Price rise approved for burial plots in Istanbul’s cemeteries 

The assembly of the Istanbul Metropolitan Municipality (IBB) approved a new hike in prices for empty burial plots starting in April. Under the new decision, the maximum fee for a burial plot in the city’s famous cemeteries will be TL 37,400 (around $4,870), a figure slightly higher than the previous fee of TL 34,000. The lowest price for a burial plot will be TL 2,400.

Finding an empty plot in the overcrowded city of more than 15 million people is the most common problem for families of the deceased. The municipality provides most of the funeral services for free, like the ritual washing of the dead for deceased Muslims, wooden coffins, burial work and transportation of the deceased to other cities for burial.

Under the new fee guidelines, those seeking burial in Karacaahmet, Nakkaştepe, Zincirlikuyu, Aşiyan, Nafibaba, Ulus, Abide-i Hürriyet and Çengelköy cemeteries will be charged TL 37,400 if they are seeking a burial plot in advance and in a place of their choice. If an empty plot is available at the time of death and the deceased’s next of kin cannot find a proper place to bury him or her, the price tag is halved, though this means the deceased would be buried next to a stranger instead of family members.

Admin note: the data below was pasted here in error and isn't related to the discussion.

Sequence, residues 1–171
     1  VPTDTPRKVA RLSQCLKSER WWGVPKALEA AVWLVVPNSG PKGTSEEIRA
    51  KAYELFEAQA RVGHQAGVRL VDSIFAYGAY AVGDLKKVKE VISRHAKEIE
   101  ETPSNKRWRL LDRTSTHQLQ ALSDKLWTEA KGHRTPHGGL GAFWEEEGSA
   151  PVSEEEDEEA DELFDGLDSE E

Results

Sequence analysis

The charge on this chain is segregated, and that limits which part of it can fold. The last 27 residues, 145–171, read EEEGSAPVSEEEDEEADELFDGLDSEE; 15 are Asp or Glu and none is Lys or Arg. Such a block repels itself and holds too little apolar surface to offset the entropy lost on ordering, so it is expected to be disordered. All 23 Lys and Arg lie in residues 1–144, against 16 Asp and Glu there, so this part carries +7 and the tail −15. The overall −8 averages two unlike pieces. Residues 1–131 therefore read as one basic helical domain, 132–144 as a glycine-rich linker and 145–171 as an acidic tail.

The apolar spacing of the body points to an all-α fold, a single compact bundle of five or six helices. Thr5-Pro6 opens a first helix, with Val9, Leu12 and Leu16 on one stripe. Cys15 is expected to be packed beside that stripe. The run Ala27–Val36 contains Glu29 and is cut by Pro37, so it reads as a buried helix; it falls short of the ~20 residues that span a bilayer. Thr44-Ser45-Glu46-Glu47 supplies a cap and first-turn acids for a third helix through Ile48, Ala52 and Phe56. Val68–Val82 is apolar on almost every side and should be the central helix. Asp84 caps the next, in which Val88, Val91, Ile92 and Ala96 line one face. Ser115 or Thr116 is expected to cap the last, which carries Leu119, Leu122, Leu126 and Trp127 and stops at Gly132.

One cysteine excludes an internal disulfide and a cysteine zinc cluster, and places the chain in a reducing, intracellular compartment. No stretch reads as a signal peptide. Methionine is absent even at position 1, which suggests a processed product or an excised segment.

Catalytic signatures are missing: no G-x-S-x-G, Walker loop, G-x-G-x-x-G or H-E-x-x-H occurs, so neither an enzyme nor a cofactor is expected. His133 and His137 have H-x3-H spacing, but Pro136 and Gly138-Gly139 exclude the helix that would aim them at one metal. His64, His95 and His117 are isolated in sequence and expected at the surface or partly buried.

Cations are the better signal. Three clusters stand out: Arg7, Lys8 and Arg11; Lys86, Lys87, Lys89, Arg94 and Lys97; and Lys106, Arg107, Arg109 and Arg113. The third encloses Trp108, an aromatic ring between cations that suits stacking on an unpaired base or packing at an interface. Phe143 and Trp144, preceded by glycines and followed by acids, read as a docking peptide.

Plot prices are relatively lower in Istanbul’s outer districts such as Kurtköy, Çekmeköy and Kayabaşı, where an empty plot only costs TL 5,000.

The city, the most diverse in the country in terms of population, hosts 502 Muslim and 67 non-Muslim (Armenian, Greek, etc.) cemeteries run by the IBB, which is tasked with setting prices and allocation of burial plots.

Some cemeteries have almost reached a point where they have no new burial plots. The municipality has already stopped issuing plots in these cemeteries and allows plots only for the recently deceased members of the families of the deceased already buried there.

The municipality occasionally reregulates the prices for burial plots, and prices change based on a cemetery’s location, physical features and current economic indicators. Cemeteries are divided into four categories, and although there is no title for each category, their location indicates how they are classified. The Zincirlikuyu, Ulus and Aşiyan cemeteries are located in affluent neighborhoods. The popular burial site of Zincirlikuyu lies next to the city’s busiest financial hub, under the shadow of skyscrapers, while Aşiyan offers a splendid view of the Bosporus from the upscale Bebek neighborhood on the European side.